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Has this train left yet? Skoda could expel Magyar Vagon from Talgo business

Has this train left yet?  Skoda could expel Magyar Vagon from Talgo business

Skoda Transport Group joins Spanish national financial group CriteriaCaixa as a professional investor in the fight to take over Spanish train manufacturer Talgo, and this is welcomed by the Spanish government, writes The Spanish economic newspaper El Economista.

This is interesting in light of the fact that the MaVag (Hungarian Vagon) group, which is behind the Mol Group and the state-owned Eximbank, had previously made a bid for the high-speed train manufacturer, but the Spanish government did not. Like it from the beginning. The reason behind Spain's opposition is that the Sánchez government does not sympathize with Viktor Orbán and fears that a Russian investor or the Hungarian state itself may be behind the Hungarian takeover intention.

According to the newspaper, Skoda executives visited Madrid at the end of April to hold talks with senior officials at the Ministry of Transport. The meeting ended with the government's approval of the potential entry and the Czech managers' commitment to study with their investors so that they could implement the process. As you remember, Transport Minister Oscar Puente was not very friendly with the Hungarians, he announced that they would do everything in their power to reject the Hungarian offer to establish a Taljo train factory.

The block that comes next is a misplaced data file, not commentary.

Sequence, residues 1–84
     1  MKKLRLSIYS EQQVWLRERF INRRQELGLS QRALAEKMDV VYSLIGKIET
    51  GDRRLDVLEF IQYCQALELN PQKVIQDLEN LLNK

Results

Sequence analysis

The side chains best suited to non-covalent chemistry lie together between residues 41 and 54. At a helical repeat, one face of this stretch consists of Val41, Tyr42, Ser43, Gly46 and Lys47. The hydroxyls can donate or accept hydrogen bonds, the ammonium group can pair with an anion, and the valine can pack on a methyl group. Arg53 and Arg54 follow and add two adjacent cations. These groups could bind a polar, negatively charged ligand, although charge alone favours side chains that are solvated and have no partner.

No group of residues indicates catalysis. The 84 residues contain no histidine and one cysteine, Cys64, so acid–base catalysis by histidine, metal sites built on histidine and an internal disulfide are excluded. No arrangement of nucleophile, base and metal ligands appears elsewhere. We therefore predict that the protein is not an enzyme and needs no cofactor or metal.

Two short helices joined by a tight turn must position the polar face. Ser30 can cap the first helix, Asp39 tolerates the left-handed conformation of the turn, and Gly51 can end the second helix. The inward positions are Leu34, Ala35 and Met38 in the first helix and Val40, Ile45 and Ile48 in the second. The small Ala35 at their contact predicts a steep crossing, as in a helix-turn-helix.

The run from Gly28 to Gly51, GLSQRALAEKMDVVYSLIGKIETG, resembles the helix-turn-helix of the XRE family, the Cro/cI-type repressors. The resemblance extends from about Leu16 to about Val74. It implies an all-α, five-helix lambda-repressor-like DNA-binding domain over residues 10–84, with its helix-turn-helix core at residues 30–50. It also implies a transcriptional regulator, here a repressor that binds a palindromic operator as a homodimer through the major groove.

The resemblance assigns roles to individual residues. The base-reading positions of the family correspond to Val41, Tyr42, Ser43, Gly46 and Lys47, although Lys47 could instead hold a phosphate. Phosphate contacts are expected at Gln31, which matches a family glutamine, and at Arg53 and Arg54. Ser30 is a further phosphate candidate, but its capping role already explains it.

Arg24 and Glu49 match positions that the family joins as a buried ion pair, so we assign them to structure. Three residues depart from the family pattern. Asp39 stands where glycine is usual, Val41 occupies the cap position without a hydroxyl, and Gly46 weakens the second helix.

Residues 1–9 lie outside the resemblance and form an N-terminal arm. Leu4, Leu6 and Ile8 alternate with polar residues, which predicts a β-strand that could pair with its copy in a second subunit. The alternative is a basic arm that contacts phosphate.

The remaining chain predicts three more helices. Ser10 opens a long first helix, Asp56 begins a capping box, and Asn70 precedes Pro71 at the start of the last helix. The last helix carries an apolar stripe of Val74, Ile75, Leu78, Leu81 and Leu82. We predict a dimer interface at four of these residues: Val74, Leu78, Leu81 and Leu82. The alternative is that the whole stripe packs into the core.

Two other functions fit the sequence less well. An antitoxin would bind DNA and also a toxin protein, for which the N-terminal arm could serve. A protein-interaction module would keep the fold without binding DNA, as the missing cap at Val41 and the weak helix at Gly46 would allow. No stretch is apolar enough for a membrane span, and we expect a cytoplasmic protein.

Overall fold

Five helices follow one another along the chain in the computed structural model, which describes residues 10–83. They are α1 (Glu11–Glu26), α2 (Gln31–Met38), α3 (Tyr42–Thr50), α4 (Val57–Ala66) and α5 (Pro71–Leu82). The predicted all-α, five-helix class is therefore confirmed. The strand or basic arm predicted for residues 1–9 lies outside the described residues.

Talgo is a leading designer, manufacturer and maintainer of high-speed and intercity trains, operating in Spain, Germany, Denmark, Saudi Arabia, Egypt and Kazakhstan. The company's main shareholder is private equity fund Trilantic, which has been wanting to exit the company for some time, looking for a buyer for its stake.

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Ganz-Mavag Europe Zrt was supposed to swoop. On this stake, the Hungarian company has two owners, 45 percent to the state investment company, Corvinus Zrt., and 55 percent to Ganz-Mavag Holding Kft., a Magyar company. Vagon Investment Asset Management Zrt is 100 percent owned. Behind Solva II. There is a private equity fund, the main shareholder of which is Csaba Törő. The Solva II private equity fund is managed by the management company Lead Ventures Alapkezelő Zrt., which is 100% owned by Hungarian Mol Vagyonkezelő Kft., which in turn is owned by Mol Nyrt. The total value of the Hungarian offer is 619 million euros (240 billion forints), and the financing will be partly carried out from a 134 billion euro loan from state-owned Eximbank.

We wrote about why the Hungarian consortium wants to buy Talgo and why one of Talgo's major owners wants to divest its shares in this article.

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